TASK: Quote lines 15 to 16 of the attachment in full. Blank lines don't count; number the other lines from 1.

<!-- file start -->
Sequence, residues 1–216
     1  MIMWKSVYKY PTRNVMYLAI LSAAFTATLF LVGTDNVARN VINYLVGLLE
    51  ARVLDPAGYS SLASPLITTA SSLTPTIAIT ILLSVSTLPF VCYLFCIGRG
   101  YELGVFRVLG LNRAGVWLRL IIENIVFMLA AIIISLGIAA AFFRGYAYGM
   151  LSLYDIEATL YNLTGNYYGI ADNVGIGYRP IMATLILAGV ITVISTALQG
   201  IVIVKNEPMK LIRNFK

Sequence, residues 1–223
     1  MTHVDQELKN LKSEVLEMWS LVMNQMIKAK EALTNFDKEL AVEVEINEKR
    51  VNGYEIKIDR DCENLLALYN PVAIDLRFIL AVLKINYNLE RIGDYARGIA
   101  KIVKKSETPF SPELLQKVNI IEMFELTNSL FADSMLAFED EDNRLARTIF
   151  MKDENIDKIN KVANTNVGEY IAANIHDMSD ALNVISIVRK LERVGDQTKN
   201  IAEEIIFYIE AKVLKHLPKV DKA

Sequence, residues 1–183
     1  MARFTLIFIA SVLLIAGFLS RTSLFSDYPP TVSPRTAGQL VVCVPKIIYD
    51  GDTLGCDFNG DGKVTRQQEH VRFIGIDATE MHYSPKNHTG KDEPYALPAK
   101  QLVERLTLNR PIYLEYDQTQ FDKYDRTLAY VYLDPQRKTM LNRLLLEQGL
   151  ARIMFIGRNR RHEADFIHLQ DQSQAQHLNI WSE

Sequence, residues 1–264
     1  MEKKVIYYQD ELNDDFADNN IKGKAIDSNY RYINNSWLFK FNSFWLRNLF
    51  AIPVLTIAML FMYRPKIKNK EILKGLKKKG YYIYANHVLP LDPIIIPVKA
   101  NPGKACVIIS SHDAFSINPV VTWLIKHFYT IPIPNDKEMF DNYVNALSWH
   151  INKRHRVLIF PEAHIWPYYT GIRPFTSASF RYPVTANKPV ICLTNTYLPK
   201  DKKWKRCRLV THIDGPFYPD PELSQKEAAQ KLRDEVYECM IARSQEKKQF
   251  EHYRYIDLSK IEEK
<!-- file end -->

    51  GDTLGCDFNG DGKVTRQQEH VRFIGIDATE MHYSPKNHTG KDEPYALPAK
   101  QLVERLTLNR PIYLEYDQTQ FDKYDRTLAY VYLDPQRKTM LNRLLLEQGL